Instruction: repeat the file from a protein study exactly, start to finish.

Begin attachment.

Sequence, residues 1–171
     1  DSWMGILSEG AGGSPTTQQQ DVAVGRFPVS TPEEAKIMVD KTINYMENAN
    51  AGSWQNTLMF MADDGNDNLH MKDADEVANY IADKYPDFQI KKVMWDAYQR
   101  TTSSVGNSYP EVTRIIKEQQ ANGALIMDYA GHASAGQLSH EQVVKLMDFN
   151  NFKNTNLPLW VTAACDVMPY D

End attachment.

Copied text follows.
Sequence, residues 1–171
     1  DSWMGILSEG AGGSPTTQQQ DVAVGRFPVS TPEEAKIMVD KTINYMENAN
    51  AGSWQNTLMF MADDGNDNLH MKDADEVANY IADKYPDFQI KKVMWDAYQR
   101  TTSSVGNSYP EVTRIIKEQQ ANGALIMDYA GHASAGQLSH EQVVKLMDFN
   151  NFKNTNLPLW VTAACDVMPY D